Paradise Lost …and Found

For just as through the disobedience of the one man the many were made sinners, so also through the obedience of the one Man the many will be made righteous (Romans 5:19).

The world in which Adam and Eve lived would have been perfect in every way—weather, temperature, lush fruits, incredible surroundings, nothing to diminish their enjoyment of knowing God in a most intimate way. And God had companionship directly with them. When the cool evening breezes were blowing, the man and his wife heard the Lord God walking about in the garden.

Of course, we know that didn’t end well. When sin entered the world, our holy God could not be in the presence of sin.

All our sins from merely embellishing the truth to inflicting horrific torture can be traced back to our inheritance of this sinful nature. Left to our own devises unconstrained, we fall back into greed, envy, selfishness, pride, gluttony… All the sins we commit are a manifestation of this sinful nature.

But God had a redeeming plan from the start to restore His cherished fellowship with mankind for those who so choose. When Jesus suffered as our substitute He was sinless, but He assumed our sinful nature long enough to defeat it. He made Him who knew no sin to be sin on our behalf, so that we might become the righteousness of God in Him.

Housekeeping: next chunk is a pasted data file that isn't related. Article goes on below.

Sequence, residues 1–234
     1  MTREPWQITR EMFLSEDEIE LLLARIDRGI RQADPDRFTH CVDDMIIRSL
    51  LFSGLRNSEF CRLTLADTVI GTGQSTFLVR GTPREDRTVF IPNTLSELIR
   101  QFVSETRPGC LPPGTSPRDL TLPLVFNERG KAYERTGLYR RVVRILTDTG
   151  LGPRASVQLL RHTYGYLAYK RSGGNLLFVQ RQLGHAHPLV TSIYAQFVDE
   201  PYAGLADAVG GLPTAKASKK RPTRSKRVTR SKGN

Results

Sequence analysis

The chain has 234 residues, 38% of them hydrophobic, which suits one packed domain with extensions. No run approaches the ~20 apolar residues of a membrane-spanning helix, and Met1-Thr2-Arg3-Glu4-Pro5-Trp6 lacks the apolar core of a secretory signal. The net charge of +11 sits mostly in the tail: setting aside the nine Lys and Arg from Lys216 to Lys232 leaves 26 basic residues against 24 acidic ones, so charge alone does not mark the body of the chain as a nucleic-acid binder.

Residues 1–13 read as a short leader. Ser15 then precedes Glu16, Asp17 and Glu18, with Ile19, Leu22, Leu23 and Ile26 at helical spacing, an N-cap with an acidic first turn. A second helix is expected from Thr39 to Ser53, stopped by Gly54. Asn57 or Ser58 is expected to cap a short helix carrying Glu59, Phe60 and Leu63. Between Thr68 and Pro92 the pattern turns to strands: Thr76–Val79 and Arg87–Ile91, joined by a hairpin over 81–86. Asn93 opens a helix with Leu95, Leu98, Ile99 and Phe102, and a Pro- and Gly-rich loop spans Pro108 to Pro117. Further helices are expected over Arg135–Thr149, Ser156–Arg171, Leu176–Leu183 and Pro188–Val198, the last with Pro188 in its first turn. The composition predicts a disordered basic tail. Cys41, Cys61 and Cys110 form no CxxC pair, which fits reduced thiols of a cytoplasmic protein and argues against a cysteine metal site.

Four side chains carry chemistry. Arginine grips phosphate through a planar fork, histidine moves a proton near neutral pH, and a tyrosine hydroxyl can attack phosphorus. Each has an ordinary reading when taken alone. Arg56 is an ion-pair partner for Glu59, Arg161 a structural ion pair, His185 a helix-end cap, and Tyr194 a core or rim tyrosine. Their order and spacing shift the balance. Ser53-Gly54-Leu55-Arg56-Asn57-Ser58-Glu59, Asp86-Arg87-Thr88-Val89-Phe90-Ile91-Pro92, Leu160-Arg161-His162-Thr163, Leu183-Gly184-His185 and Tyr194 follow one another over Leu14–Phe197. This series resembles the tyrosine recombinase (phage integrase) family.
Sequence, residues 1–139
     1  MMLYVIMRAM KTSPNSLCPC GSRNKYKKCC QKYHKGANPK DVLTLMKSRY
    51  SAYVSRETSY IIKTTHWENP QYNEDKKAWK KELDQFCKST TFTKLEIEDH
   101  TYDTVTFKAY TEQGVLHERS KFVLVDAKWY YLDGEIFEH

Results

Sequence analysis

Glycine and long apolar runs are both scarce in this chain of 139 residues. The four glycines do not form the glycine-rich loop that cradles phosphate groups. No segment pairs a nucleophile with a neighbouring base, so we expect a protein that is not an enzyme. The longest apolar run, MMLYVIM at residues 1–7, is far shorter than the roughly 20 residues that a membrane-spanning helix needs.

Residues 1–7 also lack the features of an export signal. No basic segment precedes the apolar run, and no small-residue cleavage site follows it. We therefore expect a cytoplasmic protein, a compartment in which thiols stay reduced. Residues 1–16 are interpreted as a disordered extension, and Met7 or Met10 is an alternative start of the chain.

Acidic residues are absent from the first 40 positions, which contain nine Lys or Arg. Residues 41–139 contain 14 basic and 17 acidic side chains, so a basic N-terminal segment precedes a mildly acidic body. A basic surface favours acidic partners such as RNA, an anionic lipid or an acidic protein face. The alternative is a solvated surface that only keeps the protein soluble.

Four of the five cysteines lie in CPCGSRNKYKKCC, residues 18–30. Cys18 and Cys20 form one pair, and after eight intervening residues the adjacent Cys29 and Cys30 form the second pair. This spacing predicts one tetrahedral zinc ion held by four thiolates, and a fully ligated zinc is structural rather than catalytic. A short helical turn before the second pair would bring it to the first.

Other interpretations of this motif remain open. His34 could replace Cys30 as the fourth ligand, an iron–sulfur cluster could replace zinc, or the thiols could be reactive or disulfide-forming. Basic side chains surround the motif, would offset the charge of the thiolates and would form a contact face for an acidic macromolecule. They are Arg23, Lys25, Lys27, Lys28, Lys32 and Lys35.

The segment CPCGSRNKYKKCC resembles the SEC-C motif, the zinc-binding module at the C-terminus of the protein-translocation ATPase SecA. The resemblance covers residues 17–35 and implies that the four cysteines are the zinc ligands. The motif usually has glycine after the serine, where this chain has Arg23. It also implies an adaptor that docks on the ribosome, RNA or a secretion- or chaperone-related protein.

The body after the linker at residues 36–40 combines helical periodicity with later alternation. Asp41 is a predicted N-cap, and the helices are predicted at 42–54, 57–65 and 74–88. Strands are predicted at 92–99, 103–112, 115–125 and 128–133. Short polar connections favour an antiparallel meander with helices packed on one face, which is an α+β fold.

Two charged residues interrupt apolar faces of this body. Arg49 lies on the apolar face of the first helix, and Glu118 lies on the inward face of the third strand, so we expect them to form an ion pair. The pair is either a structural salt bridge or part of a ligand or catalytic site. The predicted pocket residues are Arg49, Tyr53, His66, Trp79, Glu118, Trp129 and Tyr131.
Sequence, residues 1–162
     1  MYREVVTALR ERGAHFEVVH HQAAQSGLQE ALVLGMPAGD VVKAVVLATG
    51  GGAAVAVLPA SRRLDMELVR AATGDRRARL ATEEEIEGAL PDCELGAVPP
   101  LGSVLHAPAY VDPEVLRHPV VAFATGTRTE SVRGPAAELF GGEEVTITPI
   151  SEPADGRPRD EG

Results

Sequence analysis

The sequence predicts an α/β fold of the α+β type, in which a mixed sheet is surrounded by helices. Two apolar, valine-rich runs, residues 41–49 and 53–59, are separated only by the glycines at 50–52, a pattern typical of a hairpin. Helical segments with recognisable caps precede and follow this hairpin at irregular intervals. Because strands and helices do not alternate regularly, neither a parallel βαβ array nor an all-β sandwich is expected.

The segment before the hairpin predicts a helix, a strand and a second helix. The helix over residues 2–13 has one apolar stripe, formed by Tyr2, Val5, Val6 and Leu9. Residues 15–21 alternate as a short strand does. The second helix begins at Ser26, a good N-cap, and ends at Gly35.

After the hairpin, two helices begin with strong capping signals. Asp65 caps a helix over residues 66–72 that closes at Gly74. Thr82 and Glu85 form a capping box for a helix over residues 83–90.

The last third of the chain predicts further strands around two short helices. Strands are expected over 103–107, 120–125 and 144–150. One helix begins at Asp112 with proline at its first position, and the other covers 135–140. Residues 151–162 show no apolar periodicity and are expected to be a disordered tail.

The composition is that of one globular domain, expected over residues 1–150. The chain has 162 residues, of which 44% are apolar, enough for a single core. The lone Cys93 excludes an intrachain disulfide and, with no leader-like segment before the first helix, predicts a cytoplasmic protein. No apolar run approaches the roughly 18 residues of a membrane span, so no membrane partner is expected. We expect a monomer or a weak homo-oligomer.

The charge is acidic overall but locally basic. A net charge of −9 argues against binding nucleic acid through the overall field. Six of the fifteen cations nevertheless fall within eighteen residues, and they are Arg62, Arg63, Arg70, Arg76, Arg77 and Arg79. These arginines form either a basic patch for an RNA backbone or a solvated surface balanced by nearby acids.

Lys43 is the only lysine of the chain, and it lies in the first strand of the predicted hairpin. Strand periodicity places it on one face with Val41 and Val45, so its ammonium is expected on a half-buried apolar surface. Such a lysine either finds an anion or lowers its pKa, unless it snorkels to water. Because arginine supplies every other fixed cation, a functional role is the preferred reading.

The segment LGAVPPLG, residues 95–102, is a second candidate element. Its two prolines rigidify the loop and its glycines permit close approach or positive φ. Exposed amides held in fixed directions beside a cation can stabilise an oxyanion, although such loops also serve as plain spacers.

This is so well explained in the words of this song:

                  “I am covered over with the robe of righteousness that Jesus gives to me. 

                   When [God] looks at me He sees not what I use to be, but He sees Jesus.”

We can have fellowship with God now in the spirit, and can look forward to someday walking with Him in the cool evening breezes.


The Perfect Plan

If you declare with your mouth, “Jesus is Lord,” and believe in your heart that God raised him from the dead, you will be saved (Romans 10:9).

Nellie Bly, a gutsy 19th century journalist, became famous by exposing the neglect and brutality at the Women’s Lunatic Asylum. Her assignment required that she be admitted undercover feigning insanity. This assignment involved trust—trust that someone from the outside would arrange for her release.

I know that this is a very, very, very weak comparison, but I was thinking about Jesus. About how He left His position in glory, at the right hand of the Father, to come into the world and in all humility to assume His human role as the Son of Man. His mission wasn’t to expose, but to defeat the enemy and eternal death, and replace it with an opportunity for us to have fellowship with the Father and eternal life.